True, Abdullah would probably have felt more comfortable with a Moshe Sharett or Eliyahu Sasson, men who knew the Arabic language and Arab culture. But Golda’s refusal reflected the thinking of the nascent country’s leadership: Neither Ben-Gurion nor Sharett, nor any other Jewish leader, would have agreed to the king’s terms. In fact, Ben-Gurion dismissed a last-minute appeal to him from Abdullah to accept his proposal before declaring a state. Nothing Golda said, or who she was, led the king to join with the Arab League against the Jewish state. Intense pressure from other Arab leaders and the Arab public drew him into battle. Blaming Golda was a cheap excuse.
Although not a member of the Administrative Council—the provisional government set up in preparation for declaring a state—Golda had been invited to its meeting to report on Abdullah. She accurately summed up the king’s situation: “He is going into this matter [the war] not out of joy or confidence, but as a person who is caught in a trap and can’t get out.”
Three of the 13 council members were absent. The 10 who were present, as well as guests like Golda, sat around a large square table in the Jewish National Fund office building in Tel Aviv. The discussion soon turned to the most crucial subject at hand: whether to declare a state as soon as the British left.
Hesitation and anxiety gripped the group. Moods and statements swung from one extreme to another, often in the same person—joy at freedom from British rule, fear of the looming Arab invasion. For the first time, there would be no third party to act as a buffer between Jews and Arabs. The questions of when and how to proclaim the state had been agonized over for months, but now the moment of truth had arrived.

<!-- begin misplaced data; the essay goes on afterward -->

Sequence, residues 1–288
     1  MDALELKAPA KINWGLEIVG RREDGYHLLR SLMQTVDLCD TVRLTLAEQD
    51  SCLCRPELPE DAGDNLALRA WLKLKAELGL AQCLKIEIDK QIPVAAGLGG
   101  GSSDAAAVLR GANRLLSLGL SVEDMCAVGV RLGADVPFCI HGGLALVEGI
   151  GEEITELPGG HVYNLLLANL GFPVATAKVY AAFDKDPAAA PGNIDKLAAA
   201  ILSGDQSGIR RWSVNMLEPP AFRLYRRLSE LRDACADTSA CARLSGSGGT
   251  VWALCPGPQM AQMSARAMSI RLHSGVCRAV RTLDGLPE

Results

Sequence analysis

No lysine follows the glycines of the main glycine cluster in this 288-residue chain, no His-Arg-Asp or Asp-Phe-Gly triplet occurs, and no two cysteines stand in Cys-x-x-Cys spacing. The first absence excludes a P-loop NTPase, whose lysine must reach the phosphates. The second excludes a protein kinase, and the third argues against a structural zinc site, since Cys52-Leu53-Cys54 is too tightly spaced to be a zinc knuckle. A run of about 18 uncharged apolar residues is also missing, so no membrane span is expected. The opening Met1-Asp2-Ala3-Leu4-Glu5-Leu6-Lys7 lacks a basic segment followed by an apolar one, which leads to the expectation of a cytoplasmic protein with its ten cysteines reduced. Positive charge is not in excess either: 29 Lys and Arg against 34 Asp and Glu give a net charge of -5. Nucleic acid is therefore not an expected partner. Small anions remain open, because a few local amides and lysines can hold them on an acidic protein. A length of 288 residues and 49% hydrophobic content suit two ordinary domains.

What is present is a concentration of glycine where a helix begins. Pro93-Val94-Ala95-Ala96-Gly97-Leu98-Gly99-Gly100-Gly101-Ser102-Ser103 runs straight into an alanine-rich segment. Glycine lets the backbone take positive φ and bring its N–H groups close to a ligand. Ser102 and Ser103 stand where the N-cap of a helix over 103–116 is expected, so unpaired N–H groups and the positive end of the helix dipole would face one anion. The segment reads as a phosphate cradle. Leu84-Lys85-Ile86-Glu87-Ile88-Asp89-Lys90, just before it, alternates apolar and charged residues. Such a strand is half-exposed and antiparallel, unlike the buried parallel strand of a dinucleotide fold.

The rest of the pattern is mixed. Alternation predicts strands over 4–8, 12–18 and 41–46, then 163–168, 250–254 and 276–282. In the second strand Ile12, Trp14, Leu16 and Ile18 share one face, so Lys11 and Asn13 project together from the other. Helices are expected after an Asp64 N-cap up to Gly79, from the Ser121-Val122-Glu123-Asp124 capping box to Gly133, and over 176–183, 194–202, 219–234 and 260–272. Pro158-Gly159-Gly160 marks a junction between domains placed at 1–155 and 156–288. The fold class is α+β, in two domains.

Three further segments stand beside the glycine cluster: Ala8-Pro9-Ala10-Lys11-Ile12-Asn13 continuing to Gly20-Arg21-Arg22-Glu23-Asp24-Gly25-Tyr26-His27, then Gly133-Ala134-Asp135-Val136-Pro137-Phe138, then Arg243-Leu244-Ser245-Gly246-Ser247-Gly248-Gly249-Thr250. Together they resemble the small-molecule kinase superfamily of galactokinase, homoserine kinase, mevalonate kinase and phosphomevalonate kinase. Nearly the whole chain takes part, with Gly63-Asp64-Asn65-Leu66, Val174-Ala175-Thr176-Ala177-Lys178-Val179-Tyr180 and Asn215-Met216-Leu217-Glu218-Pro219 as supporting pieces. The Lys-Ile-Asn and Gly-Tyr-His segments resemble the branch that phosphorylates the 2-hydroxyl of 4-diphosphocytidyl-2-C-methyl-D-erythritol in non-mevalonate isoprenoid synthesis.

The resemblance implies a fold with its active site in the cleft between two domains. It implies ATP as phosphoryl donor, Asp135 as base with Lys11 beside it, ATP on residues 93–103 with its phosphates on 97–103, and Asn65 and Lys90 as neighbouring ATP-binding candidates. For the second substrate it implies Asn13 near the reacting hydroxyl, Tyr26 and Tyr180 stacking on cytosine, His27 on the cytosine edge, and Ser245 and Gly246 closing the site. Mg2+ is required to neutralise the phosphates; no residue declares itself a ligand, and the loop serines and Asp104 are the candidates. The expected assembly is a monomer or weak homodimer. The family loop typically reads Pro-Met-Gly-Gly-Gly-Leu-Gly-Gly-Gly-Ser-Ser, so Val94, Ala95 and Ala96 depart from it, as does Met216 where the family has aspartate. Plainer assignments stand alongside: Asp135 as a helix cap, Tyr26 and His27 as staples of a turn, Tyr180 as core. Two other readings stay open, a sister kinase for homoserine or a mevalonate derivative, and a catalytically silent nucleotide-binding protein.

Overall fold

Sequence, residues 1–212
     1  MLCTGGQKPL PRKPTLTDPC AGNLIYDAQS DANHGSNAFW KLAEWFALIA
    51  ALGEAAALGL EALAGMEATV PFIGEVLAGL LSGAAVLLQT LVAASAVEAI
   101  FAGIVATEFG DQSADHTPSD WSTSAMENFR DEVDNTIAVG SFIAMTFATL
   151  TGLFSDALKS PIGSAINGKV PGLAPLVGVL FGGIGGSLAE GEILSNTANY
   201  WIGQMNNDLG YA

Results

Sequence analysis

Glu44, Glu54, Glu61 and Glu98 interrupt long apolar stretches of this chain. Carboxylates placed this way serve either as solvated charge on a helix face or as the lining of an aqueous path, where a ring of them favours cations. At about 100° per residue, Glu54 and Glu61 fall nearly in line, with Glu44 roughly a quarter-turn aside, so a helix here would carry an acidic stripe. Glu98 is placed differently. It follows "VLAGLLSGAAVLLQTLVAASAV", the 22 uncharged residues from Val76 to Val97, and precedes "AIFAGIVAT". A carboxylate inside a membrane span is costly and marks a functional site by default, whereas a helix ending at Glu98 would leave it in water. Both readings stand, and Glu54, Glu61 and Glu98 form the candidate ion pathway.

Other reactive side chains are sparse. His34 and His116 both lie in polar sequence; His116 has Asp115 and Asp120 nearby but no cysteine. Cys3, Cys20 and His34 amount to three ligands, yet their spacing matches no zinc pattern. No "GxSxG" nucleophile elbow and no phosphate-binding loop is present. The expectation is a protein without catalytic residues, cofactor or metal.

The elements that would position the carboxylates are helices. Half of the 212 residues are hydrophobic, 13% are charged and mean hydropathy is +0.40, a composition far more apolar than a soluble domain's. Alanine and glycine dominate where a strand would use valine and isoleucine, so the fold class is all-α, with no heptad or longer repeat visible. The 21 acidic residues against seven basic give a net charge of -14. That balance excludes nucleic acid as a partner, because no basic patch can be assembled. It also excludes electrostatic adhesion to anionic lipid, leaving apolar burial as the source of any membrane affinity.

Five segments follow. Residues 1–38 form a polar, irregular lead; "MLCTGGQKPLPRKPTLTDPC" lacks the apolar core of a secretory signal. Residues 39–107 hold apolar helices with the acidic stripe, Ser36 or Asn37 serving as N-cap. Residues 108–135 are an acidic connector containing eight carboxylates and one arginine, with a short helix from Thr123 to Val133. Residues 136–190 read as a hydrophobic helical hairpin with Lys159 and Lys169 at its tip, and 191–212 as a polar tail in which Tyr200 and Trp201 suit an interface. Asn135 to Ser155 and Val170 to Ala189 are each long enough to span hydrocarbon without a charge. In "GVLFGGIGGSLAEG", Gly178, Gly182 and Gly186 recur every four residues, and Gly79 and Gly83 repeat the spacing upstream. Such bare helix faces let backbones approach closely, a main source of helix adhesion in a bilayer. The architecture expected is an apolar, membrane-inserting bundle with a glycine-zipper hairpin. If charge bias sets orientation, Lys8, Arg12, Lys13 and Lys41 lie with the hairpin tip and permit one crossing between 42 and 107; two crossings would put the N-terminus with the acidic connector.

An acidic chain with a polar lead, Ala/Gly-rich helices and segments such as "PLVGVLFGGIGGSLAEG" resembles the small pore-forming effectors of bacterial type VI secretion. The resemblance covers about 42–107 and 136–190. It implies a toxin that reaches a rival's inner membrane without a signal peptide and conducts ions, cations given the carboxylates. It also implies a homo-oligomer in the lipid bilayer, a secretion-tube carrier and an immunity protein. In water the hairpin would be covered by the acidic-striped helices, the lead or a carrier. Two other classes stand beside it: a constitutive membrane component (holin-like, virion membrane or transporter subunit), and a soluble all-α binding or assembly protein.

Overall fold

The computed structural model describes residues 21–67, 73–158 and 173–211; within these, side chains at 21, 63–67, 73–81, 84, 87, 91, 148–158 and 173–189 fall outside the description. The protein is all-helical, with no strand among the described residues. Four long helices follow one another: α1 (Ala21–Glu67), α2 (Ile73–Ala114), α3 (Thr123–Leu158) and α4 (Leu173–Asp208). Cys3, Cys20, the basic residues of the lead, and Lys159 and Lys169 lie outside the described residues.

“It is doubtful that a quorum of 10 Jews was ever before summoned to determine the course of Jewish history in such a manner,” one observer wrote.
Ben-Gurion called on the heads of the Haganah, Yigael Yadin and Israel Galili, who were in attendance, to assess Arab strength versus Jewish. “At this moment I would say that our chances are 50-50,” Yadin said. “To be more honest, I would say they have a big advantage.” It was a daunting statement.
Perhaps, some members argued, they could stop short of actually proclaiming the state, find a compromise and announce an interim position. Golda disagreed.
“We cannot zigzag,” she told her colleagues. Once they decided to create a state, they could not go partway. They had to follow through fully, with “every detail of the details” in place. “This is what the world is waiting for,” she said. Since she was not on the council, Golda could not vote, but her outspoken support for statehood helped sway others. Six of the 10 members voted for declaring a state.
The British were scheduled to leave at midnight on Friday, May 14, 1948. The state would be proclaimed that afternoon so that no gap in governing existed. Ben-Gurion insisted that Golda return to Jerusalem on Thursday to confer for a final time with the British High Commissioner and remain in the city. It broke her heart to have to miss the ceremony establishing the state that was to take place in the Tel Aviv Museum. The two-seater Piper Cub plane that would carry her to Jerusalem was scheduled to return immediately with Yitzhak Gruenbaum, slated to become minister of interior in the new government. Soon after the takeoff from Tel Aviv, the plane developed severe engine problems, forcing the pilot to turn back. With the engine almost gone, he landed in Tel Aviv. And that is how Golda was in Tel Aviv to sign Israel’s Declaration of Independence while Gruenbaum remained in Jerusalem.